Sorry to hear my fellow-workmen speak so disparagin’ o’ me? Well, Mester, that’s as it may be yo’ know. Happen my fellow-workmen ha’ made a bit o’ a mistake–happen what seems loike crustiness to them beant so much crustiness as summat else–happen I mought do my bit o’ complainin’ too. Yo’ munnot trust aw yo’ hear, Mester; that’s aw I can say.”
I looked at the man’s bent face quite curiously, and, judging from its rather heavy but still not unprepossessing outline, I could not really call it a bad face, or even a sulky one. And yet both managers and hands had given me a bad account of Tim Hibblethwaite. “Surly Tim,” they called him, and each had something to say about his sullen disposition to silence, and his short answers. Not that he was accused of anything like misdemeanor, but he was “glum loike,” the factory people said, and “a surly fellow well deserving his name,” as the master of his room had told me.
I had come to Lancashire to take the control of my father’s spinning-factory a short time before, being anxious to do my best toward the hands, and, I often talked to one and another in a friendly way, so that I could the better understand their grievances and remedy them with justice to all parties concerned. So in conversing with men, women, and children, I gradually found out that Tim Hibblethwaite was in bad odor, and that he held himself doggedly aloof from all; and this was how, in the course of time, I came to speak to him about the matter, and the opening words of my story are the words of his answer. But they did not satisfy me by any means. I wanted to do the man justice myself, and see that justice was done to him by others; and then again when, after my curious look at him, he lifted his head from his work and drew the back of his hand across his warm face, I noticed that he gave his eyes a brush, and, glancing at him once more, I recognized the presence of a moisture in them.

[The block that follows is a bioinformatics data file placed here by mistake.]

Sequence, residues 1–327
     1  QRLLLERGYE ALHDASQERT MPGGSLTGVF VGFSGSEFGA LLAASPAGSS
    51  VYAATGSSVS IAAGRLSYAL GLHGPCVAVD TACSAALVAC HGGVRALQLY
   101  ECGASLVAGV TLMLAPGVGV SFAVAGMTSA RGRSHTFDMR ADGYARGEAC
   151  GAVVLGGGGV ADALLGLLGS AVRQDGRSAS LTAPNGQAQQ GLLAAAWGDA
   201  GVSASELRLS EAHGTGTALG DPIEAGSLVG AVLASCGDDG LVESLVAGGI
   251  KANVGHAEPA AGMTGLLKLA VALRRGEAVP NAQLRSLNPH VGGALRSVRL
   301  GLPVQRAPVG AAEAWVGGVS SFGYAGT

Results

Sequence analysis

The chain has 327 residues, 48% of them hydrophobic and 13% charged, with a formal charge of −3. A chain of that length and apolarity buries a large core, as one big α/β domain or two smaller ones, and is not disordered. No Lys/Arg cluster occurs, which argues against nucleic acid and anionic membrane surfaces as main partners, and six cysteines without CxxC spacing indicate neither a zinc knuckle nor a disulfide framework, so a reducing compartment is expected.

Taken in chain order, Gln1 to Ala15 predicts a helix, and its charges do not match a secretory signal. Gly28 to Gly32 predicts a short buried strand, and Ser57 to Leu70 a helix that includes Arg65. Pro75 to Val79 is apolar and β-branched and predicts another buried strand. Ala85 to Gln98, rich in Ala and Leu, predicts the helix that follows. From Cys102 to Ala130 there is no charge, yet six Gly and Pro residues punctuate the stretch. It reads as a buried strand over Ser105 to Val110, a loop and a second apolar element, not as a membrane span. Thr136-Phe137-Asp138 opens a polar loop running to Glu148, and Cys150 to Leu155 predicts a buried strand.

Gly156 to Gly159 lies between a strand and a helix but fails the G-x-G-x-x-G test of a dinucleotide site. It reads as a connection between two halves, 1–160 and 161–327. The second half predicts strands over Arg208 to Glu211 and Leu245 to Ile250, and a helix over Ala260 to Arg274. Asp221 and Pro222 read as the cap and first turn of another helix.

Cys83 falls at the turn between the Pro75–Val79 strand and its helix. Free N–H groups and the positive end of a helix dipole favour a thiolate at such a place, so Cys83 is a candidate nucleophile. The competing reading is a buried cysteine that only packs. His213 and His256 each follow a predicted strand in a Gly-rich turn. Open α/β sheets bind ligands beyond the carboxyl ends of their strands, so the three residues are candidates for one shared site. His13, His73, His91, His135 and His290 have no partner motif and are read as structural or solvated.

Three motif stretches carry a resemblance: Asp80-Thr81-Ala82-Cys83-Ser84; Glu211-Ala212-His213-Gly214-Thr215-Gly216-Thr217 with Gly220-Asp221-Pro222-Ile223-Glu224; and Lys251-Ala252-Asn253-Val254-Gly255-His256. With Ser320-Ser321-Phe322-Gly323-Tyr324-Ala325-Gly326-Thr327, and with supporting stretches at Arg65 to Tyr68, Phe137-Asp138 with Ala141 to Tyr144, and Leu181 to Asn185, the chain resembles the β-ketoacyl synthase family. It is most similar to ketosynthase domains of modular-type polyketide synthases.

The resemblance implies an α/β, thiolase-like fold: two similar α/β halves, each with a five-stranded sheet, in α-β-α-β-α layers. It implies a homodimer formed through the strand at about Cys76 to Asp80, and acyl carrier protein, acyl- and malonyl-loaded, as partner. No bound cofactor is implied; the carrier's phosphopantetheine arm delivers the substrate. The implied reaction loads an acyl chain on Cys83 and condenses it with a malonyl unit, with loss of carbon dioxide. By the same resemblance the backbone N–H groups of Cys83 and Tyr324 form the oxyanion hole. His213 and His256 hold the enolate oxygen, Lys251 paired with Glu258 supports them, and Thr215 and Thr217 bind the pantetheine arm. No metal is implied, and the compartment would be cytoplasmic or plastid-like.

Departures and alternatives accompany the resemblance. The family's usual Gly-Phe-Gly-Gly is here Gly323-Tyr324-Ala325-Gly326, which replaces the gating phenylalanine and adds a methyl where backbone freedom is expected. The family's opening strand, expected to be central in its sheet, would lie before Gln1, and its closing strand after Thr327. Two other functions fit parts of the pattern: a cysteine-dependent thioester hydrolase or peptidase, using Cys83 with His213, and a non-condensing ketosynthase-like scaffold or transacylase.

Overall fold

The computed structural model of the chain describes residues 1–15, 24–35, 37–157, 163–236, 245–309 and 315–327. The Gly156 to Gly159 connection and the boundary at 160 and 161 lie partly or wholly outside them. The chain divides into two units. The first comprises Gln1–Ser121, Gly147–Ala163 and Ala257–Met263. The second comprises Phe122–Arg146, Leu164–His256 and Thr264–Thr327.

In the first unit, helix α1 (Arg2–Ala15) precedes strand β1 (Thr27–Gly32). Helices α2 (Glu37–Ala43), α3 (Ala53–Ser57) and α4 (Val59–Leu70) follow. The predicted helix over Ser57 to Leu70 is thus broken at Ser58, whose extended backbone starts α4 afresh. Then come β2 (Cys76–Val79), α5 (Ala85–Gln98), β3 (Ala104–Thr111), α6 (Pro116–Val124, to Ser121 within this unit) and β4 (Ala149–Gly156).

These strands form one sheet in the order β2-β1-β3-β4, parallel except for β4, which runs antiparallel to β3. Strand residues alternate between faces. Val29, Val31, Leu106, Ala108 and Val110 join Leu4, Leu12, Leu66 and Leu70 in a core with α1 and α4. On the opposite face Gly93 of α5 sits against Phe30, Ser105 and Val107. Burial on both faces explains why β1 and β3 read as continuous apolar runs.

In my anxiety to conceal that I had noticed anything unusual, I am afraid I spoke to him quite hurriedly. I was a young man then, and by no means as self-possessed as I ought to have been.
“I hope you won’t misunderstand me, Hibblethwaite,”
I said; “I don’t mean to complain–indeed, I have nothing to complain of, for Foxley tells me you are the steadiest and most orderly hand he has under him; but the fact is, I should like to make friends with you all, and see that no one is treated badly. And somehow or other I found out that you were not disposed to feel friendly towards the rest, and I was sorry for it. But I suppose you have some reason of your own.”
The man bent down over his work again, silent for a minute, to my discomfiture, but at last he spoke, almost huskily.
“Thank yo’, Mester,” he said; “yo’re a koindly chap or yo’ wouldn’t ha’ noticed. An’ yo’re not fur wrong either. I ha’ reasons o’ my own, tho’ I’m loike to keep ’em to mysen most o’ toimes. Th’ fellows as throws their slurs on me would na understond ’em if I were loike to gab, which I never were. But happen th’ toime ‘ll come when Surly Tim ‘ll tell his own tale, though I often think its loike it wunnot come till th’ Day o’ Judgment.”
“I hope it will come before then,” I said, cheerfully. “I hope the time is not far away when we shall all understand you, Hibblethwaite. I think it has been misunderstanding so far which has separated you from the rest, and it cannot last always, you know.”